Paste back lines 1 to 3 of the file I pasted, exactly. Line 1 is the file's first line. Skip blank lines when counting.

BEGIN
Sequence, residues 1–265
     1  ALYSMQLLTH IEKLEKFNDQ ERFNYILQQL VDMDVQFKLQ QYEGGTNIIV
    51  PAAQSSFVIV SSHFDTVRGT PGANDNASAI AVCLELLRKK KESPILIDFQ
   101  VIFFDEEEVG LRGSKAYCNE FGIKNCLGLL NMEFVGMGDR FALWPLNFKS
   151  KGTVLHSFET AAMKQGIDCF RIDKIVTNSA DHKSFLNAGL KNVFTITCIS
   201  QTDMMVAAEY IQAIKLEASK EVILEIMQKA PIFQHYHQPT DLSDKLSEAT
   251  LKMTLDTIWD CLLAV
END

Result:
Sequence, residues 1–265
     1  ALYSMQLLTH IEKLEKFNDQ ERFNYILQQL VDMDVQFKLQ QYEGGTNIIV
    51  PAAQSSFVIV SSHFDTVRGT PGANDNASAI AVCLELLRKK KESPILIDFQ